Q&A on Hijab With Sheikh Al- Albaani

The Jilbaab and What can Substitue it
The following excerpt was taken from the book “Masaa’il Nisaa’iyyah Mukhtaarah min Fiqh al-‘Alaamah Al-Albaanee” [Selected Women’s Issues from the Fiqh of Imaam Al-Albaanee (pg 125 – 131)]. This book contains a collection of Al-Albaanee’ s  opinions on various issues related to women transcribed from his books,  recorded lessons and lectures.
Shaikh Al-Albaanee was asked the following question in a recorded talk:
We would like more details on the definition of a jilbaab, since you have  stated that your view on the jilbaab is that it is a garment that covers the body from the head to the feet. However, we have come across a  rather large difference of opinion in the language books concerning  this. Amongst the linguists are those who say it is a large gown, while  others say it is a khimaar. And others hold the same view you mentioned, Shaikh. So we would like a further elaboration, may Allaah reward you,  as well as which one is the strongest opinion.”
The  Shaikh responded to the questioner: “I’m sorry but I’m having difficulty understanding the part where you said that some people hold the jilbaab to be the khimaar. What is the khimaar that you are referring to when  you say that they consider it to be the jilbaab? This is because it is  well-known that the khimaar is a head-covering and not an ample garment  that covers a woman’s entire body from her head to her feet. So who is  it that claims that the jilbaab is a khimaar from what you know,  according to what I mentioned? This is truly a very strange thing. Who  said this?!”
The questioner said: “This is mentioned in the book  Lisaan-ul-‘Arab, where it states that such a definition for it is held  by some people.”
The Shaikh said: “It states that the jilbaab is a khimaar?”
The questioner said: “Yes.”
So the Shaikh replied: “It is not possible to say this because as you know there are two ayahs in the Qur’aan – one ayah that orders women to wear the jilbaab while the other orders them to put on the khimaar. It is  not possible to say that both ayahs contain a repetition of the same  meaning, thus the jilbaab would be the khimaar, while the khimaar would  be the jilbaab. Rather, both of these terms – the jillbaab and the  khimaar – have their own respective meanings that are distinct from one  another.
You know, for example, that when a woman is at home and  she gets up to pray her obligatory prayers, for the most part, she is  normally at home with her hair uncovered. So she just places her khimaar over her head. The Prophet (sallAllaahu ‘alayhi wa sallam) said: ‘Allaah does not accept the prayer of a mature woman unless she has a khimaar.’
What is meant here is not the jilbaab at all, but rather what is meant is  the head-covering. From the evidences that indicate this is that the  Prophet (sallAllaahu ‘alayhi wa sallam) ordered us to wipe over the  turban or the khimaar or the socks.
My objective behind this  hadeeth is to show that it indicates that the khimaar is a garment that  both men and women – males and females – share in wearing.
It  cannot be understood from this, for those who understand the Arabic  language, that a man can place a jilbaab over himself! Rather, it means  that he can place a khimaar (head-covering) over himself.
So it  is permissible for a person that places a khimaar over his head to wipe  over it (when performing ablution), regardless of whether it is a man or a woman. My objective behind this discussion is to firstly confirm the  quote according to the Arabic language, and secondly if it is finally  confirmed that the quote is indeed found in Lisaan-ul-‘Arab and that it  states that the meaning of a jilbaab is held to be a khimaar, then it is sufficient proof, from what you quoted, that such a statement is weak  because of the fact that the author said: ‘It is held to mean such and  such.’ (i.e. uncertainty)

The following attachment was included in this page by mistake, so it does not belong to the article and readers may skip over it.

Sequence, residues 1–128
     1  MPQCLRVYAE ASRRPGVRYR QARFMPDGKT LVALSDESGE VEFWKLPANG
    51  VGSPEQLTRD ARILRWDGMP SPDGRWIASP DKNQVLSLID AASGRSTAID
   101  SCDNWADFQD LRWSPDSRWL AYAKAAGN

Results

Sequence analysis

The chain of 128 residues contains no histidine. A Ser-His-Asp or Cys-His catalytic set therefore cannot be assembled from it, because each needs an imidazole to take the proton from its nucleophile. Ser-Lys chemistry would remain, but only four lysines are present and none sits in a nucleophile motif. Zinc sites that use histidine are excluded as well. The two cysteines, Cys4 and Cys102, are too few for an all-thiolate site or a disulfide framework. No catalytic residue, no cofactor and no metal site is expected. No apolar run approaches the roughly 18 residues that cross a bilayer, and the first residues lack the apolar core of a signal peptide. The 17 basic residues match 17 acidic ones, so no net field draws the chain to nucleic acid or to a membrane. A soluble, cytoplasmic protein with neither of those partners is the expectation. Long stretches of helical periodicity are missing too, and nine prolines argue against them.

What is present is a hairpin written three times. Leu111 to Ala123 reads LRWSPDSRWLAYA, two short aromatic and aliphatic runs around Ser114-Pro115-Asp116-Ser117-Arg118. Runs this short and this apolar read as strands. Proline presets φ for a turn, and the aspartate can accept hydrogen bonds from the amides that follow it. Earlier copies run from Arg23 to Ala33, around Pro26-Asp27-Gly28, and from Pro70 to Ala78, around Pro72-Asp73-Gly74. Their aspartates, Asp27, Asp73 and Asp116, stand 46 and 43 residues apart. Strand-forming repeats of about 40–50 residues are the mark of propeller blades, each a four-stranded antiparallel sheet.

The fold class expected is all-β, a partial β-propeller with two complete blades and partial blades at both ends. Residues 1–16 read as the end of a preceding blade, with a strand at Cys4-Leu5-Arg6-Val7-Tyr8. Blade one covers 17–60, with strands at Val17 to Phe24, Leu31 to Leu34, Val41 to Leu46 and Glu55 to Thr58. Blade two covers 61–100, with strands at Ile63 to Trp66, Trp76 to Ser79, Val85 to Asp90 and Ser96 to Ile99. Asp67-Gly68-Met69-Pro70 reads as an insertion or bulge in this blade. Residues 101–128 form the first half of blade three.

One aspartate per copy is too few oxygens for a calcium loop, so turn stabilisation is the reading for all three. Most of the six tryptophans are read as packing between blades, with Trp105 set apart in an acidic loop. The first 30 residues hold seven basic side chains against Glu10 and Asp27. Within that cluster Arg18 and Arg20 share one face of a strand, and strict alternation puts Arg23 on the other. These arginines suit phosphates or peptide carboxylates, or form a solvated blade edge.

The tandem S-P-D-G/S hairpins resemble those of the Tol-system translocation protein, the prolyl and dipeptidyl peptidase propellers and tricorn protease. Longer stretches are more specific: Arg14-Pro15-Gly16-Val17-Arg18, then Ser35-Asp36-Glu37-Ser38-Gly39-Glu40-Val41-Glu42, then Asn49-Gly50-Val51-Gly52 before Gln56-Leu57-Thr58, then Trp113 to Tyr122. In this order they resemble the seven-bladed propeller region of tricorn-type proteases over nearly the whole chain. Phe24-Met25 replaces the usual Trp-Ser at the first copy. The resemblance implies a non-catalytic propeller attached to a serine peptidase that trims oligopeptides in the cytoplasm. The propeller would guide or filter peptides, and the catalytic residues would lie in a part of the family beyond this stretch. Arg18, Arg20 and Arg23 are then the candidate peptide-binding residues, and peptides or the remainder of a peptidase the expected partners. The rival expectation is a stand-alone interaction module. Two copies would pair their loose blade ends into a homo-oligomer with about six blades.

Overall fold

Furthermore, if we study the texts from the Book and the Sunnah, of which we already mentioned some of them, we would derive with certainty that the khimaar is not a jilbaab and nor  is the jilbaab a khimaar.
In brief, a khimaar covers less that a  jilbaab while a jilbaab has a more ample range in terms of the parts  that it covers. Also, a jilbaab is specific for only women. They were  the ones who were ordered to wear it and not men. But as for the  khimaar, then that is a garment that both men and women share in  wearing. Even though a man is not obligated to wear it, regardless, it  is a garment that both men and women partake in wearing, just like a  shirt. In the same manner that a man wears a shirt to cover his ‘awrah – which is different from the ‘awrah of a woman – so does a woman. But  her ‘awrah is ampler than the ‘awrah of a man.
This is why we  said in the book ‘The Muslim Woman’s Hijaab’ that when a Muslim woman  leaves from her home, she is obligated to do two things:
(1) To place a khimaar over her head, and (2) then to apply a jilbaab over  that, thus going out dressed with the khimaar and the jilbaab. So when a woman goes out of her home, one garment does not suffice without the  other – a woman must combine between both the khimaar and the jilbaab.  You are aware of the Qur’anic verse related to the khimaar in which  Allaah says: ‘And (tell them) to draw their khumur (veils) over their  bosoms.’ [Surah An-Noor: 31] Drawing a  garment close to the bosom cannot be achieved with a jilbaab. This can  only be achieved with a khimaar, since it is possible to wrap it. But as for the jilbaab, you know that it cannot be wrapped around the chest or on the neck. You can see here how the men wrap their khimaars and how  they affix them to their necks. So due to this, what has been  particularized here is the khimaar and not the jilaab. When a woman goes out from her house, she is obligated to place a khimaar over her head  and to wrap it over her neck and her chest. This is since a jilbaab does not correspond in her attempt to achieve this comprehensive covering  since it is ample and long whereas the khimaar is ample and short. So  each of these garments has its own specific effect in fulfilling what a  woman is obligated to cover. This is my response to what you have asked. If there is anything left that I have not covered in my discussion,  then remind me of it.”